Critical approaches that treat literature as documents (of a historical context or ideological interest) are insufficient. I liked Colin Burrow’s critique of recent historicist studies of, accompanying new canon of, 17th century literature. He calls this approach New Model Criticism, after the New Model Army, and claims that the new canon eexcludes anything, like Paradise Lost or Marvell's ‘The Garden’, that doesn't reward analysis as 'acts or events, or testaments to political self-positioning' and that 'treats context as a matter of the events of a particular month or week' -- thus excluding poems that 'might be about emotions, retreats, imaginings, ethics, domesticity or what it is to be a poem', while including 'newsbooks, speeches, Instruments of Government'.
The New Model Criticism, while claiming to be an all-embracing, dehierarchised method that opens up whole new worlds of discourse to critical attention… in fact radically closes down the possible range of works that could encourage critical attention. With works like Paradise Lost, which adopt as part of their rhetoric a gaze extending beyond the present moment, and imagine their readers abroad, in the future, in lands or times unknown, this kind of criticism can break down, or be reduced to seeking sedimentary layers of topicality in their composition, each of which must address and can only address its own time – which again should ideally mean a week or a month.'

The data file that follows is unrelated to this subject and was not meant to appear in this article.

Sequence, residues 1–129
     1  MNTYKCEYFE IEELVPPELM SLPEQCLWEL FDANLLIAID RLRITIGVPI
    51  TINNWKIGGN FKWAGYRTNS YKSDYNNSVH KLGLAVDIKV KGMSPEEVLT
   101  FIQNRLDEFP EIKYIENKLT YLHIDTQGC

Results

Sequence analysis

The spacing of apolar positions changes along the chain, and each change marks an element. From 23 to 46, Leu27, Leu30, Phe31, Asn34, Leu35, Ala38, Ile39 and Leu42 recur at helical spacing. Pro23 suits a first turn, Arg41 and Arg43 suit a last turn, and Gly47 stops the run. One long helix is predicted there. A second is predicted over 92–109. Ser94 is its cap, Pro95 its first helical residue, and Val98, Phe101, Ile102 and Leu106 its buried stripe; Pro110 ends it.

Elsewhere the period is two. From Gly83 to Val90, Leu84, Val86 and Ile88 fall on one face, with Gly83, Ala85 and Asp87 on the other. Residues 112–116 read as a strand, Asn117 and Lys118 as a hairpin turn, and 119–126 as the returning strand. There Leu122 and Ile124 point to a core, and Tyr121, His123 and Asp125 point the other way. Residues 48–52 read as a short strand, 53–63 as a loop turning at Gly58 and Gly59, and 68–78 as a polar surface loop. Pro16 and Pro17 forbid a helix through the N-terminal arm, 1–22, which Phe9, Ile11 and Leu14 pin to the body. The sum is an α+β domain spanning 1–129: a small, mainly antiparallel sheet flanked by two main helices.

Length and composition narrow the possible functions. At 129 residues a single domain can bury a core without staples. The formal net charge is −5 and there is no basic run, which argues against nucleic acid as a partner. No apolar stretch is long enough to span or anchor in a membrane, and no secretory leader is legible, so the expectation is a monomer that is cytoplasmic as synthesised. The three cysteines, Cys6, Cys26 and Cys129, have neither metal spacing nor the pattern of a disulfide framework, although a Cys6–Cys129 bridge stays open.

Burrow, C. (2008). New Model Criticism. London Review of Books, 30(12), 24-25.